Do you ‘ache’ for these ‘cesspools?’ If so, why?

cesspools

Here I go again asking whether you yearn to get out there amongst ’em — however you define “’em.”

And trying to understand it.

See the headline above. The picture — which I loved when I saw it a couple of weeks ago (the guy with his fist in the air seems to think he’s Henry V or something — once more unto the breach!) — is of a particularly silly event that many seemed to enjoy. Here’s the original story about it, from late April.

Anyway, the event and the apparent enjoyment it provided inspired one Galadriel Watson to wonder why: “What do we get out of them that’s worth exposure to hundreds or thousands of strangers?”

I read it today because I can’t imagine. I have no pacifistic objections to battling over the name “Josh,” particularly with pool noodles. I just don’t know why anyone would want to get out into any crowds, at any time, for any reason — concerts, street protests, eating out, what have you. Not that I haven’t willingly done it myself — I have no crippling fear of crowds. But when I have, the presence of the crowd is usually a strong argument against attending the event — one that must be overcome by a stack of positive considerations that overcome it — not a favorable feature.

Knowing that many people feel otherwise — and “feel” is the proper word, since I can’t imagine thought being involved in this impulse — I read it in part looking for a passage saying “not everyone feels this way,” and looking for the explanation of that, as a way of answering the subquestion, “What’s wrong with me?”

And sure enough, she mentions introverts, but the “expert” she quotes gets it wrong:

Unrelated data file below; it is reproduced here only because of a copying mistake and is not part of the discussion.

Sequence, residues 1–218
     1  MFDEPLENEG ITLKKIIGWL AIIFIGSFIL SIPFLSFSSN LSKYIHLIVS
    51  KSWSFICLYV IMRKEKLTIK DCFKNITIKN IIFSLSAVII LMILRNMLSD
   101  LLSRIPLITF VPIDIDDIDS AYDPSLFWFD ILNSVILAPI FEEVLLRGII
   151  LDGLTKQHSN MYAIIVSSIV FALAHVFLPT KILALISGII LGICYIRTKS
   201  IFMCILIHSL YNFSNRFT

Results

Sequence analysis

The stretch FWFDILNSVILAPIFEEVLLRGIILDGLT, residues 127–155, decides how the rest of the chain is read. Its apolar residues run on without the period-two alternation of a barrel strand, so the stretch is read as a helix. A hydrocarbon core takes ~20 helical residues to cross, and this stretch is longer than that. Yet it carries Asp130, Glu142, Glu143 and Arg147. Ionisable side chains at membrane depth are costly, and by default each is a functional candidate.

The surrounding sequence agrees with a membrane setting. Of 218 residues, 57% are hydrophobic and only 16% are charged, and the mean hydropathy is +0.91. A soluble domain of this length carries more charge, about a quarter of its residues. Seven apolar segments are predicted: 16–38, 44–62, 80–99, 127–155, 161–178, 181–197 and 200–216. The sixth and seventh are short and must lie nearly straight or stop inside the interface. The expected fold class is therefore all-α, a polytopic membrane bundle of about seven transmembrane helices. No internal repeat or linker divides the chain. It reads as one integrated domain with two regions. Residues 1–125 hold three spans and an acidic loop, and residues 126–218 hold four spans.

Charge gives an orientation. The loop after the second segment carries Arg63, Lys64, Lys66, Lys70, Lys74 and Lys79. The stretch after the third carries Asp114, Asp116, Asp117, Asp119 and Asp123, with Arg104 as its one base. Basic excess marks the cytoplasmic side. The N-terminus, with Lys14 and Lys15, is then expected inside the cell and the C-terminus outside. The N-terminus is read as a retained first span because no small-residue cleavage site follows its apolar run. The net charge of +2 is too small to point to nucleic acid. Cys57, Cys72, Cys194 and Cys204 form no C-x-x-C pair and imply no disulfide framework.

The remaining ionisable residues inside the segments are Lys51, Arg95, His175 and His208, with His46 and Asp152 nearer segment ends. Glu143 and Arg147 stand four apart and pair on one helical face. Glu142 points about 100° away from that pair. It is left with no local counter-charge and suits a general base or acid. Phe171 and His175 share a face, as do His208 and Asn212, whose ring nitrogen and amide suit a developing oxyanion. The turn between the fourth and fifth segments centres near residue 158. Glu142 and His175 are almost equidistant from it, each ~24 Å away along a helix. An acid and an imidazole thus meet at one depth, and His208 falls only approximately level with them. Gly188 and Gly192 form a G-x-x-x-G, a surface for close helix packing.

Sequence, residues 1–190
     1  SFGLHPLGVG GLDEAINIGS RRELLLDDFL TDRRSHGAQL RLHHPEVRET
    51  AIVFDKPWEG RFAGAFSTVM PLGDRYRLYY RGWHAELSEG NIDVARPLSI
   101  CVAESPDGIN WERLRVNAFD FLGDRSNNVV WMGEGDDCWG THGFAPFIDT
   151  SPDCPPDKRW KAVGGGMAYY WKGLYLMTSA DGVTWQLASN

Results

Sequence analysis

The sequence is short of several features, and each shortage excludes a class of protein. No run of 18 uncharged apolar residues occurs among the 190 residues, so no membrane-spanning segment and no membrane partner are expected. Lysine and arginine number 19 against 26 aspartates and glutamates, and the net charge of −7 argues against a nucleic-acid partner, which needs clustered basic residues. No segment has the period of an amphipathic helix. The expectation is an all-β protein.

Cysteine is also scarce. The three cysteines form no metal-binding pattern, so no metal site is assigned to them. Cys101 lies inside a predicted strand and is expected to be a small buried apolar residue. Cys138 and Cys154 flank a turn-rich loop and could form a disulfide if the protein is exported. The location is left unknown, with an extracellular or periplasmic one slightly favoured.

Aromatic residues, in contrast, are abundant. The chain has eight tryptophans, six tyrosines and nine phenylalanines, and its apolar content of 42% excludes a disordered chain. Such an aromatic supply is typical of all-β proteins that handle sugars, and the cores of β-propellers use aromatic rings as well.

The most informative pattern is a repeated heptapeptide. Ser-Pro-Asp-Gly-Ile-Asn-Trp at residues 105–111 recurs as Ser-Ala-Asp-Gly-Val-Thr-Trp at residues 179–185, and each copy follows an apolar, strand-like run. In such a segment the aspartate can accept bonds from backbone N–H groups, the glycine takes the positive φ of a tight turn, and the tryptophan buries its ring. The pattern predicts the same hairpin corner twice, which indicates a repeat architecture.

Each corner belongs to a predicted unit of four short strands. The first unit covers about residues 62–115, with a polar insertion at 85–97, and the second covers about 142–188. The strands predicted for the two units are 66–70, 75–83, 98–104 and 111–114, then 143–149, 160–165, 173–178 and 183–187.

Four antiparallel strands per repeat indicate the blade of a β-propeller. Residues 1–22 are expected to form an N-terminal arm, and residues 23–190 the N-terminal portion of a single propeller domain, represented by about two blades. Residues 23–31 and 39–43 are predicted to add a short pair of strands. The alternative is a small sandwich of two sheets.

It doesn’t even seem to matter if you’re an extrovert or introvert. Tegan Cruwys is an associate professor of psychology at the Australian National University and a clinical psychologist. She said, “Personality might affect the kinds of events and social groups that appeal to you — for example, music festivals versus gaming conventions — but there is no evidence that these social phenomena only apply to extroverts. Introverts are not asocial.”

I beg to differ, based on actual, personal experience. It’s not that I’m asocial, or antisocial. I am, after all, a communitarian. At least in the abstract, I love the whole community. That doesn’t mean I want to be packed in with the whole crowd like a sardine.

I go into a crowd the way one enters a survival course — as an ordeal to get through. What is my exit strategy? Where are the bathrooms? (No, real bathrooms; not port-a-potties.) Is there food that I can eat, or will it be the usual junk one finds at such dubious gatherings? This is sort of perverse, but I’ve been known to approach some crowds willingly as a challenge, as a way of testing myself. For instance, I have this thing about liking to go shopping at Harbison on Christmas Eve, just to take pride in my ability to avoid the traffic as much as possible, walk from convenient parking rather than wait an hour to park at the mall itself, etc. And then congratulating myself upon arriving home the same day.

Yeah, I know that’s weird. But I think wanting to go into crowds in general is weird.

Anyway, this article did not reassure me about the motives for liking such gatherings being positive. It said things like:

  • “As a human, you have ‘a very primitive desire to feel like you’re a part of a larger collective’…” Yeah, I’ve noticed. That’s what gives us all this insanity of people seeing political parties or movements as their tribes. Very primitive, indeed.
  • “Large events also reinforce our sense of identity…” Yeah. Exactly. It’s so heart-warming to find yourself in a crowd of like-minded white supremacists, for instance. This is a portal into my dislike of Identity Politics, but I’ll close it and move on…
  • “This idea of ‘us’ also provides a sense of security. ‘I’d be more inclined to look out for you…'” Sure. Because you’re one of my “tribe.” To hell with those “other people…”